Illustrated Glossary of Organic Chemistry

Atom economy: A concept to measure the efficiency of a synthetic process, in terms of the number of atoms required in all the starting materials and reactants versus how many of these atoms are wasted (i.e., atoms that do not become part of the final product). A process which uses many atoms not found in the final product is said to have low atom economy, whereas a process in which most atoms of the starting material and reactants end up in the final product is said to have high atom economy. Processes having high atom economy are generally (but not always) preferable to processes having low atom economy.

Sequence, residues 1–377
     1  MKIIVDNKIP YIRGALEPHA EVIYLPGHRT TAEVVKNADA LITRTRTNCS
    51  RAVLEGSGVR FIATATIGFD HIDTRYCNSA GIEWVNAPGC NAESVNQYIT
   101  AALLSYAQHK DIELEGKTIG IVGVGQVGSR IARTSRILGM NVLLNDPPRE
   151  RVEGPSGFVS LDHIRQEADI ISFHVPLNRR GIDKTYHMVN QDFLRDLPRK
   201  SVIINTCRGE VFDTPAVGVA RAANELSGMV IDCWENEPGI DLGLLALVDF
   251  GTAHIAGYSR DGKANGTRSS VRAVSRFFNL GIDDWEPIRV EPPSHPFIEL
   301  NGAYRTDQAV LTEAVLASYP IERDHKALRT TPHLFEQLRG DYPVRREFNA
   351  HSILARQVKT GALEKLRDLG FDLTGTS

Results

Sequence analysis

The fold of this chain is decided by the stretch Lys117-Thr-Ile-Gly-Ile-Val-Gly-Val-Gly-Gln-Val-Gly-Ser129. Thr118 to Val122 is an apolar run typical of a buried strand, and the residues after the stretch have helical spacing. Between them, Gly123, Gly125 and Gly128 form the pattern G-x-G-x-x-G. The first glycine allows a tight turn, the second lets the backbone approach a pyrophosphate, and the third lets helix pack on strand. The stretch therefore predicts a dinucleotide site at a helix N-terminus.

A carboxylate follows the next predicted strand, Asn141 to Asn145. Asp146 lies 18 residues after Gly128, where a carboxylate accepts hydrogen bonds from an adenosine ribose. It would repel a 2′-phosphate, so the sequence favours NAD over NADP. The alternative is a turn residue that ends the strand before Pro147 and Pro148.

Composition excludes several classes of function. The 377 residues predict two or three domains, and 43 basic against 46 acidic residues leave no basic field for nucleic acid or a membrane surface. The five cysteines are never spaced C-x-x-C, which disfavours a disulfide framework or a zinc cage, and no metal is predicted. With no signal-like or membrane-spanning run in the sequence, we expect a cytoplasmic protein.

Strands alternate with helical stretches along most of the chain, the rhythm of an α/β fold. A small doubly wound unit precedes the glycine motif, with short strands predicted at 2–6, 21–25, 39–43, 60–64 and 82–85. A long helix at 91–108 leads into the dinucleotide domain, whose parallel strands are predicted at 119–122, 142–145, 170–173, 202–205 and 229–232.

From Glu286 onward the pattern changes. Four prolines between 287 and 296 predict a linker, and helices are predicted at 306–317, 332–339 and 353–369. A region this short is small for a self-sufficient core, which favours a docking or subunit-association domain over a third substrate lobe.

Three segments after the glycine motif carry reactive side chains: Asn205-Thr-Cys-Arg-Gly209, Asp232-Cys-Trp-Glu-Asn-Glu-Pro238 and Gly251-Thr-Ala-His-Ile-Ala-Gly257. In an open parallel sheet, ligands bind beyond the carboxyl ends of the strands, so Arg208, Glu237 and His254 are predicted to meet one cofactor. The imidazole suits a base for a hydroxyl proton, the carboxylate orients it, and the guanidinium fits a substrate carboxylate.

Jones reagent


Chemoselective oxidation of this aldehyde alcohol using an acetal protecting group is of low atom economy, because the atoms of the protecting group (plus the atoms of the reactants needed to install and remove the protecting group) are not included in the product.


Chemoselective oxidation of the same aldehyde alcohol using a chemoselective oxidizing agent (such as PCC) is of higher atom economy (and therefore generally more desirable than the first reaction shown above) because less atoms are used that are not part of the final reaction product.